The error specified is that the evidence was insufficient to support a conviction under the indictment. In considering the sufficiency or insufficiency of the evidence to support the conviction, it is not our function to weigh the evidence or to pass upon the credibility of the witnesses. Judgment of conviction must stand if there is substantial evidence to support the judgment considering the entire record in a light most favorable to the United States. Glasser v. United States, 315 U.S. 60, 62 S.Ct. 457, 86 L.Ed. 680 (1942); Walker v. United States, 5 Cir., 1962, 301 F.2d 94; Ah Ming Cheng v. United States, 5 Cir., 1962, 300 F.2d 202; Bennett v. United States, 5 Cir., 1960, 285 F.2d 567; Riggs v. United States, 5 Cir., 1960, 280 F.2d 949; Thacker v. United States, 5 Cir., 1946, 155 F.2d 901; Johnson v. United States, 4 Cir., 1959, 271 F.2d 596, 597.


As to Count III, we fail to find any proof in the record that the alleged telephone call to Pelahatchie, Mississippi, was made. Appellant contends therefore, that the court erred in convicting him under each of the 4 counts. It is true that uncertainty and ambiguity in criminal sentences must be resolved in favor of the defendant, but a general sentence under several counts will be sustained so long as the sentence does not exceed the maximum that could be imposed under the counts which are good and have been proved. We conclude that the record sustains the conviction and the sentence under Counts I, II and IV. There is no indication that the appellant was prejudiced by the sentence and conviction under all 4 counts. He could have been sentenced to a fine of $1,000.00 and 5 years under each count. United States v. Williams, 7 Cir., 1949, 175 F.2d 715; Bowen v. United States, 8 Cir., 1946, 153 F.2d 747, cert. den. 328 U.S. 835, 66 S.Ct. 980, 90 L.Ed. 1611.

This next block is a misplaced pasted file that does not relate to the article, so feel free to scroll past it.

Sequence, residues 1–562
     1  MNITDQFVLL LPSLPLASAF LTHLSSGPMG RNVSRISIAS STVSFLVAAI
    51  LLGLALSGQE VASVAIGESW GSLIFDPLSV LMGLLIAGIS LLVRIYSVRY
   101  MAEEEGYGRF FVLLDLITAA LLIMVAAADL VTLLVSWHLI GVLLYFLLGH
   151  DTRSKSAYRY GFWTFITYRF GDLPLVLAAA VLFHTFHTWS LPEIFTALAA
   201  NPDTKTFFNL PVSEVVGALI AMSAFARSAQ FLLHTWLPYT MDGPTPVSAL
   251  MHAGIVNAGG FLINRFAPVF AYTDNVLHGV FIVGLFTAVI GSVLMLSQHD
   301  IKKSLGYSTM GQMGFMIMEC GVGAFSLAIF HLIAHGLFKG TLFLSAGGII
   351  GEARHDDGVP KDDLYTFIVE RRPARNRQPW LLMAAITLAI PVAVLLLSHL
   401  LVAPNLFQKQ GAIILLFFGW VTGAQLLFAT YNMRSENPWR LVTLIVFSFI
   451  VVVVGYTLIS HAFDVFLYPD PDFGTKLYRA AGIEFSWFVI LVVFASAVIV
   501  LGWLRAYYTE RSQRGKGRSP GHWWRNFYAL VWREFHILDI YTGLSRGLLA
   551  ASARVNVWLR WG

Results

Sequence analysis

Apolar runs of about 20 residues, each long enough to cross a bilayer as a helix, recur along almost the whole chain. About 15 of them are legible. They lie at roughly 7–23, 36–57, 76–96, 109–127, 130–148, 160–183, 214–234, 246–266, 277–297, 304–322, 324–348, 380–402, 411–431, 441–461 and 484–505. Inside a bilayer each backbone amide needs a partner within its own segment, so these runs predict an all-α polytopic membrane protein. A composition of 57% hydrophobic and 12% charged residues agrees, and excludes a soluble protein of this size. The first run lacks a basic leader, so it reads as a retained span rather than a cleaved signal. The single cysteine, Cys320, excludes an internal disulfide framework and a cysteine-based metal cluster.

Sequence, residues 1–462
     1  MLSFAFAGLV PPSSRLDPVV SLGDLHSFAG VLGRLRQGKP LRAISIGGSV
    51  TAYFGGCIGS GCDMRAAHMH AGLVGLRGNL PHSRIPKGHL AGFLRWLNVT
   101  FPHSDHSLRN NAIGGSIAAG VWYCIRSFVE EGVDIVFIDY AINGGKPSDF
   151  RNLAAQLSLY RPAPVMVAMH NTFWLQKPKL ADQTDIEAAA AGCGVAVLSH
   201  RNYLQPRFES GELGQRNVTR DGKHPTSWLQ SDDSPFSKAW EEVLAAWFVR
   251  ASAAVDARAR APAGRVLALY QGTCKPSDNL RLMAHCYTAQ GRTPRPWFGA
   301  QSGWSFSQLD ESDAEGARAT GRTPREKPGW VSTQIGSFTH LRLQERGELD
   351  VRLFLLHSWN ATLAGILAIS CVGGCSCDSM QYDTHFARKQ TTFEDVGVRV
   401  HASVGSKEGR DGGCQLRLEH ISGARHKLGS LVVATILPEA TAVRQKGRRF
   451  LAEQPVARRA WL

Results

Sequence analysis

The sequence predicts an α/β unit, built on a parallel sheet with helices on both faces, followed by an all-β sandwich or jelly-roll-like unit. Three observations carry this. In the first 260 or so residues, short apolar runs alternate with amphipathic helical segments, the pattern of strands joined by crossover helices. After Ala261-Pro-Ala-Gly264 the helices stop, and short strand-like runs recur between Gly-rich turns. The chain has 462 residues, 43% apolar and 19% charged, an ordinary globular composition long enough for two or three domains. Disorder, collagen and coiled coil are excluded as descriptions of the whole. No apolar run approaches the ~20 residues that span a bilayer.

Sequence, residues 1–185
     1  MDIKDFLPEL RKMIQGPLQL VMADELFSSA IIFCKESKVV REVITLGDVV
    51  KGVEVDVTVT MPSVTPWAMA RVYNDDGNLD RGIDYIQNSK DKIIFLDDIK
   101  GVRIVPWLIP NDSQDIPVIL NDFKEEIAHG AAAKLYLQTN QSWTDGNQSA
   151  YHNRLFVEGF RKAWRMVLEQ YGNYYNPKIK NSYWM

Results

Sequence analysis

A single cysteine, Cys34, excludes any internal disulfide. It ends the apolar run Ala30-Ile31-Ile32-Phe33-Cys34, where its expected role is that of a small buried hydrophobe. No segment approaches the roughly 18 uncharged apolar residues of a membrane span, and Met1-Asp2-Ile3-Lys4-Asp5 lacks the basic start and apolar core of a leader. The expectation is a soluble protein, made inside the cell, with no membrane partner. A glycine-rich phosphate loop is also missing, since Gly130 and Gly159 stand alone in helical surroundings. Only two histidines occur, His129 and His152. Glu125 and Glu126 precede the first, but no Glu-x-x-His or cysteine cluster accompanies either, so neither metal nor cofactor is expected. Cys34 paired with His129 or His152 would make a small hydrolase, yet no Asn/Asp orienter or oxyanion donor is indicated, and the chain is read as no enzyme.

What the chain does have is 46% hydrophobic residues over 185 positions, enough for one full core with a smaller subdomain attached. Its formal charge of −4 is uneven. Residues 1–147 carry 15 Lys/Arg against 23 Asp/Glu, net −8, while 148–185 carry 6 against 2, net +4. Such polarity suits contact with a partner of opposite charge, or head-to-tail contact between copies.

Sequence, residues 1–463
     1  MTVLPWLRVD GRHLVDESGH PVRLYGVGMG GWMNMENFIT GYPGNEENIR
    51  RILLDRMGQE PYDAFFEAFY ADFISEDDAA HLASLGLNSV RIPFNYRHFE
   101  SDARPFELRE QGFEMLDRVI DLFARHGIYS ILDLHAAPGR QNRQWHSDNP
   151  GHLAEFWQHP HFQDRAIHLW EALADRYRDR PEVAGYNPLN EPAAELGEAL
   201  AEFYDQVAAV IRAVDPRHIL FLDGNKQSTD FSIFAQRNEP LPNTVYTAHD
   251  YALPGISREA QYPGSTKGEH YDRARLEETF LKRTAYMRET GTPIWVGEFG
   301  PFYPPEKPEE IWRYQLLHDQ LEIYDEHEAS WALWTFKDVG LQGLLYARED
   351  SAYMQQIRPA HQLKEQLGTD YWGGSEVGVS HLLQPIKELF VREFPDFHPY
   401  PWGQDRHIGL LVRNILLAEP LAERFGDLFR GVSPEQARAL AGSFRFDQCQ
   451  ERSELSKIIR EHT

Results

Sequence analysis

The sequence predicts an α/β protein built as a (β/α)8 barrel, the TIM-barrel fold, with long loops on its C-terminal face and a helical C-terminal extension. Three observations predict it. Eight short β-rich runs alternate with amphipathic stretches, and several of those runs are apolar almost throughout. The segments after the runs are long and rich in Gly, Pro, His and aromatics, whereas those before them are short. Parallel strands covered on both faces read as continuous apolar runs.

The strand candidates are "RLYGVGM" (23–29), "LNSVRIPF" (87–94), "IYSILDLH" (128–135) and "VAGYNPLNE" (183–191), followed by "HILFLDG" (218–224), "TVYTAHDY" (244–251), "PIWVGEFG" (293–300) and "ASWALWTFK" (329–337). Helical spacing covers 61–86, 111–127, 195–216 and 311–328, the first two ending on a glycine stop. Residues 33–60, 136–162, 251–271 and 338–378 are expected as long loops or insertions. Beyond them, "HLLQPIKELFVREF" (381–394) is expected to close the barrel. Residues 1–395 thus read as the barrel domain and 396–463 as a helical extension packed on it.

We have carefully and cautiously examined the record and are convinced that the evidence meets the required standard to support the trial court's finding of guilt. It was proved that the defendant made telephone calls to purchase poultry; made pick ups and deliveries of truckloads of poultry; made telephone calls to negotiate sales; accepted a draft payable to him in payment of poultry; rented trucks and used them in the business; claimed to be an officer of the fictitious company; and engaged in other conduct tending to connect him with the plan and scheme to defraud as charged. We are convinced that the defendant received a fair trial. United States v. Oregon State Medical Society, 343 U.S. 326, 72 S.Ct. 690, 96 L.Ed. 978; Ward v. United States, 5 Cir., 1962, 296 F.2d 898.


The judgment is affirmed.


1343. Fraud by wire, radio, or television

'Whoever, having devised or intending to devise any scheme or artifice to defraud, or for obtaining money or property by means of false or fraudulent pretenses, representations, or promises, transmits or causes to be transmitted by means of wire, radio, or television communication in interstate or foreign commerce, any writings, signs, signals, pictures, or sounds for the purpose of executing such scheme or artifice, shall be fined not more than $1,000 or imprisoned not more than five years, or both.'